This cup is a source of pride for a nation. Ghana is one of the favorites to win, along with its neighbor the Ivory Coast. The tournament was to be played in Libya but political unrest and civil war moved the venue. In truth the unrest in nations have effected the quality to play– the powerhouse of Africa is Egypt but the political unrest is a factor that contributed to the team failing to qualify. Mali’s unrest seems to make for erratic play. Democratic Republic of Congo [formerly Zaire– when did that name change happen?] has a new coach, Claude LaRoy who used to coach Ghana until 2008 and then for 3 months in 2011 coached Syria until all hell broke out there.  But sportscasters give the political dimension a passing comment as the ball is kicked around the field. Wouldn’t it be great if a UN official could stand in Timbuktu in Mali with his back straight and arm extended with a yellow card as a warning to the Al-Qeda backed rebels or to government troops whose human rights track record is in question? Wouldn’t it be great if those sides listened to the judgements of the ref with the same type of support as they get in soccer?  Yet, it is the game is essential, the backdrop is not important– this is Africa’s escape from tensions.

I must say that the fans at these games put American fans to shame. It is an active spectator’s sport! And there are no drunken, fat guys who are shirtless in Green Bay in January who look silly rather than supportive. The fans come dressed to cheer their teams on; some in very cool tribal uniforms, some painted head to toe in the colors of the their flag; some wear outfits that show their support. It is very entertaining to watch the cameras pan the crowd. And the players get into it as well. There are some pretty funky haircuts out there: Mohawks, shaved heads, dreadlocks dyed white with red tips. My favorite is the goalie for the Congo, a guy named Kadiaba who has a ponytail coming out of the middle of his shaved head and a beard with no mustache. He looks like an extra in a Mad Max film! Then when Congo scores, he sits in front of the goal and bounces across the field as if he is riding in a car over a bumpy road. It is very funny!

Ghana’s team has some of that but it is very muted in comparison. What Ghana has that is unique, other than a solid team, is one of the few sub-Sahara African born coaches– Stephen Appini. Most of the coaches are European or North African by birth– in fact, African soccer has been viewed as second rate until Ghana made an impressive showing in 2010 World Cup. Some people want to see Ghana win, just to prove that Africans can do that job!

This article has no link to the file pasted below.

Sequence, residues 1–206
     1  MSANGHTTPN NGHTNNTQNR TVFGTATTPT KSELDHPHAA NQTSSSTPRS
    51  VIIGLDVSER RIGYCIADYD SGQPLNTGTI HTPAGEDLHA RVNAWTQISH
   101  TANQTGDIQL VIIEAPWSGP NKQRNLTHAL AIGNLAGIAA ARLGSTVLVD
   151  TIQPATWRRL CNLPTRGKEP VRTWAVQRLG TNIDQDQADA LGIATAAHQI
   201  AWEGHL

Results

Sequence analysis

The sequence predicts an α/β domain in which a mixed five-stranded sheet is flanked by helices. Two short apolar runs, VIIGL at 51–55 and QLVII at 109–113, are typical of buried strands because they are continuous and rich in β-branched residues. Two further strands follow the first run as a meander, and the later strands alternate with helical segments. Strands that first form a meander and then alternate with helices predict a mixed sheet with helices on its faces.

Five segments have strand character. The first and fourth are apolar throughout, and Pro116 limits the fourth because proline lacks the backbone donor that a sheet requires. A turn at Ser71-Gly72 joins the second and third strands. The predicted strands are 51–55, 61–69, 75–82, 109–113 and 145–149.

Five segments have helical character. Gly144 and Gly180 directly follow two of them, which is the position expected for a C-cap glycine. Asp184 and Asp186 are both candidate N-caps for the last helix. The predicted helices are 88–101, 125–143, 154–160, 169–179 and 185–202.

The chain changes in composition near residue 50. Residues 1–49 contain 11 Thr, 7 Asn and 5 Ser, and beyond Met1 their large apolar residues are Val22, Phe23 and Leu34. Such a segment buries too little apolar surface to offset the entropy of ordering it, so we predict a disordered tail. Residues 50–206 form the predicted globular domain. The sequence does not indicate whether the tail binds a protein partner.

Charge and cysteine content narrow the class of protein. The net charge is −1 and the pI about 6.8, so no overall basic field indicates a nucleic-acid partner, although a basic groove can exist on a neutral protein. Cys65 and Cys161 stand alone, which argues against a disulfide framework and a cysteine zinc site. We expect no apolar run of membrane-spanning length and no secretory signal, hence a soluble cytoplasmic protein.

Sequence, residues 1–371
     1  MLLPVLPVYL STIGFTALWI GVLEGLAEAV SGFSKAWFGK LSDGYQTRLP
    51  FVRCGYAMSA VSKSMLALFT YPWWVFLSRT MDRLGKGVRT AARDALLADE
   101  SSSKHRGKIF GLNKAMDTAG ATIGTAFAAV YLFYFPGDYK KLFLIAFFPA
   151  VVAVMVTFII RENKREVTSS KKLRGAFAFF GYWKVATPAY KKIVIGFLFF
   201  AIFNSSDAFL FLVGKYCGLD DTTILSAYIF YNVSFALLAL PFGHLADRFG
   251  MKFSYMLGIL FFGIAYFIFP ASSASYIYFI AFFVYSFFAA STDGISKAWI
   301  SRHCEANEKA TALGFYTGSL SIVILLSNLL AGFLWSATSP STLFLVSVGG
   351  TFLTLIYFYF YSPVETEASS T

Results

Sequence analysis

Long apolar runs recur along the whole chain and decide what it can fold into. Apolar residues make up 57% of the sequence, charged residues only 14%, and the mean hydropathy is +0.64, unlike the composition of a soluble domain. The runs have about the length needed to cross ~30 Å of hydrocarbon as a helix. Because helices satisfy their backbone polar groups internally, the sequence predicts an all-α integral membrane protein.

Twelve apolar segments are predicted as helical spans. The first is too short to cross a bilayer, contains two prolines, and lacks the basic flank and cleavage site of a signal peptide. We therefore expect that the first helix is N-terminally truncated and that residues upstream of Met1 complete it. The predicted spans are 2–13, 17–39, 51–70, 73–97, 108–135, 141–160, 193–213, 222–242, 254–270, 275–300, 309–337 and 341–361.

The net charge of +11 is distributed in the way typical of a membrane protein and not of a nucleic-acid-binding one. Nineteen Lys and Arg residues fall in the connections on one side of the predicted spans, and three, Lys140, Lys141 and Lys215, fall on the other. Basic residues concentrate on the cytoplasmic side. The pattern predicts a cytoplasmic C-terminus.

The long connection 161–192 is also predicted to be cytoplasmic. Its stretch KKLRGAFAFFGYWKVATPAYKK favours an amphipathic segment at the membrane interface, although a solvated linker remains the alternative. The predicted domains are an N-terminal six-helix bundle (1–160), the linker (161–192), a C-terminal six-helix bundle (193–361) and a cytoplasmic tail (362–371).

In PramPram, everyone is a fan. Everyone tunes in when the Ghana Black Stars play. It is a source of national pride. And when Ghana scores, people roar! They might do a little dance called the AZUTO, It is easy– left hand bent across as if in a sling, feet apart with the right foot acting as a windshield wiper as the right hand punches down 3 times and then up 3 times. When Ghana scored, we all did it. Yes, even the uncoordinated white guy– that is until I heard Marissa Tomei’s voice from the movie “My Cousin Vinny” say inside my head: “O yeah, like you blend?”

It is quite an experience to be here for this tournament. It runs until February 11, when the final game is played. By the way– Ghana won last night 1-0. Next up is the last of the preliminary matches– Monday night is Ghana’s match against Niger.


The Festival of Homowo

 Posted by Matthew Cutler at 10:34 pm  Ghana  Comments Off on The Festival of Homowo
Jan 232013

Sitting with some students, we were talking about holidays we observe and celebrate. I didn’t do the Jewish thing; it is far too hard from them to grasp the concept of another religious observance, independent of the mainstream culture and/or the state. I focused on American holidays, I threw in Halloween into the mix because… well.. it is Halloween; nothing is goofier to a foreigner than trying to explain that folk/religious holiday [which is the 2nd largest commercial holiday in the US]. The kids started to tell me about their festivals.

In April, there is a big one called Homowo. It is for the Ga tribe which is where PramPram is located. It dates back to way before the colonial times. It is a folk, traditional festival where people bang drums, dance, pour water out on the ground and worship the old chiefs by bringing out their old thrones. It is rooted as a way to encourage crops to grow. The term itself means “hoot at hunger”; a way for the chief and the older women in town to chase famine away just as the crops are beginning to grow.  It lasts 7 days. It is very common, I understand, for traffic to come to a complete halt. In addition to festive foods, people usually will buy new clothes for their family. Homowo is a big deal for the Ga tribe– that is, the population in Accra and points east.